Revenge Of The Sith Review… Sort Of…

After having been released for exactly a week, I finally saw Star Wars Episode III – Revenge of the Sith today. Well, not me alone, I was accompanied by my cohort, Irfan! Yes, true believers. There was a 2 years 8 month old child today in the theatre watching a movie that was rated PG-13 by the MPAA, but “U” by some sleepy guy in a drab office in charge of rating English movies in Malaysia. Bite me, you over-sensitive, politically correct whiners!

Juggernauts in the back

Juggernauts in the back

So, I guess it’s time of me to review this movie. Before you let out another collective “not- another- internet- review- of- ROTS” sigh, I am very much aware that almost every guy with a blog and their one-legged puppy has reviewed ROTS this past week when I was in Sitiawan, so I’m not going to review ROTS.

Instead, I will review the experience of watching Irfan watching ROTS on the big screen!

The whole sordid affair began with the sending of Sila and Vin to KLIA. Their flight to their honeymoon island of Redang was at 7.15 am. By 8.45, I’d already sent Ain to her office at Bandar Utama. Then guess who cried his lungs out at the thought of being sent to day care for the day? That’s right, not me.

So, after the little guy took a bath, had a change of clothes and fresh diapers, and a fresh bottle of milk, we set out to GSC Midvalley Megamall. I considered buying two tickets, one for each of us. But it was the noon show, I thought, so I only bought one. Irfan could sit on my lap. If no one claims the seat next to mine, he can have it (and to my joy four seats to my right were empty throughout the movie).

So each time the screen turned black between commercials and trailers (there were two: Batman Begins and The Lion, The Witch and the Wardrobe), Irfan would turn at me, put a finger to his lips and go “SHH!!” for some reason. But I could see he was having some degree of fun at the exercise. Then it began. First there was the opening crawl, then the Battle of Coruscant began. Irfan didn’t make a noise as he digested all the action, from the buzz droids to entering the Invisible Hand. Not even when I prompted him at times. I lie, he did turn and flash a grin at me when Artoo saved the day (somewhat).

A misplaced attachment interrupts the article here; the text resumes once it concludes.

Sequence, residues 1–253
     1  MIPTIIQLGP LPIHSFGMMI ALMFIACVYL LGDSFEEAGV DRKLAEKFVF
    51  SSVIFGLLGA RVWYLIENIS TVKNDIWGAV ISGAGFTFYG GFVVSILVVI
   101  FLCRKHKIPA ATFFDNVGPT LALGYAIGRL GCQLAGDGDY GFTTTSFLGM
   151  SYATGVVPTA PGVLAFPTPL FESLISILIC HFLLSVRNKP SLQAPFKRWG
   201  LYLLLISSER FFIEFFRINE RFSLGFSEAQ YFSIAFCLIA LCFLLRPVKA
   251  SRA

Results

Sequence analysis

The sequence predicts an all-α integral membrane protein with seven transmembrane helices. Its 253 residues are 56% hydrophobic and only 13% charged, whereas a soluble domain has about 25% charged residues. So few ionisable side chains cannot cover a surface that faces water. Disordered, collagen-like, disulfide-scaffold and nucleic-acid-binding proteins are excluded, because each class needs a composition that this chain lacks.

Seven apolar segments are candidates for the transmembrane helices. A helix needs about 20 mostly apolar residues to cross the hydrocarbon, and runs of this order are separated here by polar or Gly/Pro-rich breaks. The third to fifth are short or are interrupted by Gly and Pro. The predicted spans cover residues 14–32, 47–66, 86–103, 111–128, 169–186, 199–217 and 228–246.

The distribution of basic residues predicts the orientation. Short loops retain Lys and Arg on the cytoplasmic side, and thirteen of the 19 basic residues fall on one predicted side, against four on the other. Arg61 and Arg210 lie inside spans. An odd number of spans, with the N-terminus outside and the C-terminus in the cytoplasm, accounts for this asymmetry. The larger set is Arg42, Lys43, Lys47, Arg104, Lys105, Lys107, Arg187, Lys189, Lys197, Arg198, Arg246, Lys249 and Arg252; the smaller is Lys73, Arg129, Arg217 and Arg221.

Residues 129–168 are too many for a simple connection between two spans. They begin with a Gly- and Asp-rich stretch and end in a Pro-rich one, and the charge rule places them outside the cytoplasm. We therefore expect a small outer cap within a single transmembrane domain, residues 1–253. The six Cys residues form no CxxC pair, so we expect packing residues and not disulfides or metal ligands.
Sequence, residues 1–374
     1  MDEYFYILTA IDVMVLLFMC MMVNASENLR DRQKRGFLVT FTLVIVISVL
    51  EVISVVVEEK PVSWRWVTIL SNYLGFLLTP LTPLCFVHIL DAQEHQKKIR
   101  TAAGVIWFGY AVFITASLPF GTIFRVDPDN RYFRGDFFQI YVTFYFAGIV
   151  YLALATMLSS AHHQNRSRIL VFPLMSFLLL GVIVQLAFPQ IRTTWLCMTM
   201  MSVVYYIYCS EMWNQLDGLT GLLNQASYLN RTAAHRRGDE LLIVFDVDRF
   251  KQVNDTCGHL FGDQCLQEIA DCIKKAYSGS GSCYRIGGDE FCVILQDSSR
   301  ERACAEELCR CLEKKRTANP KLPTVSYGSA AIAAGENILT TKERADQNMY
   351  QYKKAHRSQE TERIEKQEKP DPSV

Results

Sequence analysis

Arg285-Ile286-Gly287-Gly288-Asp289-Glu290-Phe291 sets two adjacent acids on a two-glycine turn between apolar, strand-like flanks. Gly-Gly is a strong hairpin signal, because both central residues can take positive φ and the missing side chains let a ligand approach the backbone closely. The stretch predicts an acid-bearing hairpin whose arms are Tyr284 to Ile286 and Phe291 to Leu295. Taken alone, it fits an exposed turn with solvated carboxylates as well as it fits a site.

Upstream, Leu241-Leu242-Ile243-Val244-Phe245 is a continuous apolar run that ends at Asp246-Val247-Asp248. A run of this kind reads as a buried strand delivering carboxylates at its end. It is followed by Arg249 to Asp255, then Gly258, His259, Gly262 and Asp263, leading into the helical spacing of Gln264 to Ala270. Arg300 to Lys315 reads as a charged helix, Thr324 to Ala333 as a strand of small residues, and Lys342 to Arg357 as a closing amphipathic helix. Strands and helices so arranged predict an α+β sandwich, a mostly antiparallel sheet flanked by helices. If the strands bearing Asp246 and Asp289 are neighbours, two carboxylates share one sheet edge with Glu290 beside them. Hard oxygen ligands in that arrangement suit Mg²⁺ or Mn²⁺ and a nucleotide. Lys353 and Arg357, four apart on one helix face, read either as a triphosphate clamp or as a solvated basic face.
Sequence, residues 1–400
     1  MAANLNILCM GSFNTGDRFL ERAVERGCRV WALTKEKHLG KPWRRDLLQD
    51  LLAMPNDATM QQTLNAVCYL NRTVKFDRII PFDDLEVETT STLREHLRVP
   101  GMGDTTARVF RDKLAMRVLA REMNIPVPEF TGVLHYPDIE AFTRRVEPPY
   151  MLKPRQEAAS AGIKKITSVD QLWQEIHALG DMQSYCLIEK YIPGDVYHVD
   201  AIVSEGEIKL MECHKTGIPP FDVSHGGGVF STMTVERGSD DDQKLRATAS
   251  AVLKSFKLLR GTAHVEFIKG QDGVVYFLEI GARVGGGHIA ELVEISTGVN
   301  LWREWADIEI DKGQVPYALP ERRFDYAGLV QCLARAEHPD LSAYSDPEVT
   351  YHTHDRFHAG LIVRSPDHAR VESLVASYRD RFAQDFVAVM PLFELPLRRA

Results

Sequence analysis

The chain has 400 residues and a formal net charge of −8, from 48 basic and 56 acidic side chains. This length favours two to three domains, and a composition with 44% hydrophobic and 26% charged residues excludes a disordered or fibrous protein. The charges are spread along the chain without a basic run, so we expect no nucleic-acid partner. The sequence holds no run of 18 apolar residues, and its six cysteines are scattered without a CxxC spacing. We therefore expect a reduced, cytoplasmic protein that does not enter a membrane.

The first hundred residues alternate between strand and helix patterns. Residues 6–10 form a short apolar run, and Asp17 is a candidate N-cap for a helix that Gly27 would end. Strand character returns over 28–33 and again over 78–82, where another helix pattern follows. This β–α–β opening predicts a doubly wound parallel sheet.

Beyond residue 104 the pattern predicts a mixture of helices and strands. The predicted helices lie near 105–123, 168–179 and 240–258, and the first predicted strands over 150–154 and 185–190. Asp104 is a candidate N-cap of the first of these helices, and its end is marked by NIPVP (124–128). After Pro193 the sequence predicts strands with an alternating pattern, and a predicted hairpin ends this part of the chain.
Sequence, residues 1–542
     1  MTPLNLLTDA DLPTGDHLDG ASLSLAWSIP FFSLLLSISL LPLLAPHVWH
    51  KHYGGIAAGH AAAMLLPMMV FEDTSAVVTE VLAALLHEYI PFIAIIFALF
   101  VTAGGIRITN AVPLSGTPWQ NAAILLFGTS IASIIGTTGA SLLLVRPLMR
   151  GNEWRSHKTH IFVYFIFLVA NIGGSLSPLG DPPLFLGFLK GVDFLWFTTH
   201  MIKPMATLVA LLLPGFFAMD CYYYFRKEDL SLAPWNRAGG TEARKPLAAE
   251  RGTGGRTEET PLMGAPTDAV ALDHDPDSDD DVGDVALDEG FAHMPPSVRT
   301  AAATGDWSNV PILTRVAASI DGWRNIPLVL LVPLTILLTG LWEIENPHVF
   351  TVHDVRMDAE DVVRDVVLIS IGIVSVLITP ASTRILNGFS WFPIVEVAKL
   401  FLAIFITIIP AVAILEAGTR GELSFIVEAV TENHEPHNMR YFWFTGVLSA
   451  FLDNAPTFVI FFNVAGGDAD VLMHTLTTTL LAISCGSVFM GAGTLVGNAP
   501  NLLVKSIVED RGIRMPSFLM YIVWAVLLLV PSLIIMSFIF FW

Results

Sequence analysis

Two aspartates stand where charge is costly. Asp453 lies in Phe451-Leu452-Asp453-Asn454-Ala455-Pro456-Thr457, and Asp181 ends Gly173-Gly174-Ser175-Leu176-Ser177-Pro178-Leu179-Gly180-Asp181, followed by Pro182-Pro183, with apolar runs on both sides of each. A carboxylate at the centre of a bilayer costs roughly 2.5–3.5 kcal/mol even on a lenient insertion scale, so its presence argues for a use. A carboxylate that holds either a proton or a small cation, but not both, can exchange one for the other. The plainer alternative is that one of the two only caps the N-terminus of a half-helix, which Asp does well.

Then, after the action is over, it was time for the exposition scenes, or more commonly known as the “lots of people talking so the audience will have a clue as to what’s happening” scenes. Not that they were boring scenes. I was concerned if Irfan would have the attention span to sit still through it, what with him being under three years old and all. (At this point I’ve already deposited him on the empty seat to my right.) I was right. Soon, he was fidgeting, but not doing anything too attention-getting. he was standing up and looking at the people behind us and singing in a low voice, which made me contemplate taking him out of the hall for a short while. Several minutes later, as Anakin and Palpatine watched the zero-g water ballet “Squid Lake”, I lifted Irfan back onto my lap. He seemed to still be attempting to walk out onto the aisle, which I prevented by using my legs. Then all he did was rock to and fro on my lap. When the Battle of Kashyyyk began with the emergence of the Corporate Alliance NR-N99 tank droids and the dwarf spider droids from the waters off the city of Karchiro, my attention was glued onto the screen for some time. But the battle wasn’t shown as long as I would have liked it to be. Suddenly I noticed that Irfan wasn’t moving a muscle. He was lying on my chest, facing upwards, eyes closed. He was asleep!